On 19 January 1993, a joint meeting of Working Groups I and II discussed and adopted the draft report that had been prepared by the 16 November 1992 typologies Sub-Group meeting. The report of Working Group I (legal issues) covers this issue in more depth. 5. Complements and/or interpretative notes to the 40 Recommendations as necessary

The Working Group saw no need for additional recommendations. As noted under 3 above, two interpretative notes are suggested for the implementation of the recommendations in the insurance sector. In parallel, the Working Group noted that many transactions or entries into business relations between financial institutions and their customers involve no face to face contact between the two parties. In such cases, the provision of identifying documents poses real difficulties or is impractical and runs counter to the way in which transactions/business relations are conducted in these cases. A non paper on customer identification requirements for certain transactions with financial institutions set out an analytical view of the general identification requirements in cases where there is no face to face contact between the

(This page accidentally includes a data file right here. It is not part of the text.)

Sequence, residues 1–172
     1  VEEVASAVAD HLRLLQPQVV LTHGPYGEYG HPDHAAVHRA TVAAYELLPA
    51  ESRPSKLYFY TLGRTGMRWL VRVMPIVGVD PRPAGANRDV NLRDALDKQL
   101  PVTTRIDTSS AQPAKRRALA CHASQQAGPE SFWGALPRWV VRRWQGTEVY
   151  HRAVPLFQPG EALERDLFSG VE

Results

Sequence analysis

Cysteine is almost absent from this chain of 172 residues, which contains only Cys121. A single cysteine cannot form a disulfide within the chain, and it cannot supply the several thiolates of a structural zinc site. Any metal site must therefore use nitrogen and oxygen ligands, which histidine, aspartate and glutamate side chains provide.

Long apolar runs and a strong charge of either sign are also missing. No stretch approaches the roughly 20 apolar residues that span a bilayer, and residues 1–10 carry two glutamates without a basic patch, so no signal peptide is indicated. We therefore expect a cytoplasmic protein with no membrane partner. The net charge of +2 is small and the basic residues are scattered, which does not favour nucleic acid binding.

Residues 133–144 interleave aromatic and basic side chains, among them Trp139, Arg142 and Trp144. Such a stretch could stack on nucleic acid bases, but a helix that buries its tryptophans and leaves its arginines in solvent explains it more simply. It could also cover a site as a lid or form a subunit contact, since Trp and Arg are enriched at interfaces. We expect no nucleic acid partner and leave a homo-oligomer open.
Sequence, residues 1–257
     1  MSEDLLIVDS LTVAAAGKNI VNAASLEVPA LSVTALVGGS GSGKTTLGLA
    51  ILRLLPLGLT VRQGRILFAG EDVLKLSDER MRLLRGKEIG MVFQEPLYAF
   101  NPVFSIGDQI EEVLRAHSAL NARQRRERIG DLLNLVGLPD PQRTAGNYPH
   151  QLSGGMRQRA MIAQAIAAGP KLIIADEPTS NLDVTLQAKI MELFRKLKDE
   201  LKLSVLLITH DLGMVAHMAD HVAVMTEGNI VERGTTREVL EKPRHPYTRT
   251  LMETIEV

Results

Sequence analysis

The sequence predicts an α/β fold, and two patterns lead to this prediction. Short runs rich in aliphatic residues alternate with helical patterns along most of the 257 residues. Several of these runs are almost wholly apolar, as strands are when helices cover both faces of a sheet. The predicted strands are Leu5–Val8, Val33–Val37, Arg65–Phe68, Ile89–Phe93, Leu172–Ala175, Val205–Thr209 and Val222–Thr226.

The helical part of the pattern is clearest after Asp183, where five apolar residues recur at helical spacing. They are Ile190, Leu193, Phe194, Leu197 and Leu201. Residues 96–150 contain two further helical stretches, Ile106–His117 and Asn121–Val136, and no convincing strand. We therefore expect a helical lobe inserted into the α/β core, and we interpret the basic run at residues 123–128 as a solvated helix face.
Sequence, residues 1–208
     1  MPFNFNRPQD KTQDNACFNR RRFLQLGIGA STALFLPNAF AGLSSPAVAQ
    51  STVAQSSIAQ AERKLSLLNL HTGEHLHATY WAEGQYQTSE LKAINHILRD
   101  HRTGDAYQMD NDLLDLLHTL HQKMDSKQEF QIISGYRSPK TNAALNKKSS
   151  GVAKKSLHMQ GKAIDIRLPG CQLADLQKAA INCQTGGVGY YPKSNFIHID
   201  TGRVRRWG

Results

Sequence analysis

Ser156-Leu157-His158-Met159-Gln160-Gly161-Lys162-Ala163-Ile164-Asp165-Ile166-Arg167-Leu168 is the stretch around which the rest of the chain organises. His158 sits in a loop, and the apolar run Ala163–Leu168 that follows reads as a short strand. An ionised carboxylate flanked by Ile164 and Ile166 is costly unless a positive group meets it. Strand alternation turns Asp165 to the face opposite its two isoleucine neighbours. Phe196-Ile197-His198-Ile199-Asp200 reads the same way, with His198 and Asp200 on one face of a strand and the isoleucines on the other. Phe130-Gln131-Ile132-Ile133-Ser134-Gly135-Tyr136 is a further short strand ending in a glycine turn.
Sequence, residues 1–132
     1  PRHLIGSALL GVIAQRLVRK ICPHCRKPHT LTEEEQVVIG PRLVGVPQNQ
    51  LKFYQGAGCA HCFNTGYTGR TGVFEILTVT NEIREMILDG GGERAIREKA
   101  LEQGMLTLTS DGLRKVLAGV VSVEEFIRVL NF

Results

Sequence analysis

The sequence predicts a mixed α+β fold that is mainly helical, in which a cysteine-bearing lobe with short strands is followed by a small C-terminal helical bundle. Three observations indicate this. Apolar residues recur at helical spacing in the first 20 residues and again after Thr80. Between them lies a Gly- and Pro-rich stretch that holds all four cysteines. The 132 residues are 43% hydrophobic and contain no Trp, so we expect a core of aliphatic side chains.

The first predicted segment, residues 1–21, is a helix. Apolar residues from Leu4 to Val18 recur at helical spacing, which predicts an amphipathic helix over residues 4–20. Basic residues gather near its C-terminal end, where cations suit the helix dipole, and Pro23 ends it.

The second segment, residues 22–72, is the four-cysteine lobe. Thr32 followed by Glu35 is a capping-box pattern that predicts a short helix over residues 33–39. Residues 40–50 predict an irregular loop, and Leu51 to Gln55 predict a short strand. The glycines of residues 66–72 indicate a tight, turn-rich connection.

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institution and its customer. Although the Working Group recognised the importance of this subject, it was decided not to adopt interpretative notes. It was agreed to further work on the issue of identification requirements (Recommendations 12 and 13) during FATF-V, bearing in mind two specific elements: the need to establish a level playing field between categories of financial institutions and a balance between flexibility and security. 6. Suspicious and unusual transactions guidelines and reporting formats The Working Group noted that point 6 of its mandate contains two aspects: (a) collection and dissemination among members of members guidelines for assisting financial institutions in detecting suspicious patterns of behaviour by their customers; and (b) consideration of the feasibility and utility of collecting suspicious or unusual transaction reports currently used in member countries in a standardised form and developing a standardised transaction report format. With regard to point (a), members were asked to provide the Secretariat with updates and new elements that could be useful to other members who are also in the process of developing guidelines for assisting financial institutions in detecting unusual or suspicious patterns of behaviour by their customers (the implementation of recommendations 15, 16, 20/26 and 28). The Secretariat has made a compilation of members updates. With regard to point (b), the Italian delegation and the Secretariat have drafted a brief questionnaire on the issue of standardisation. It contains two main questions: a suspicious or unusual transaction report? what actual measures have been taken by the authorities to ensure that financial institutions provide this information? what are the view of the members on which information should as a minimum be contained in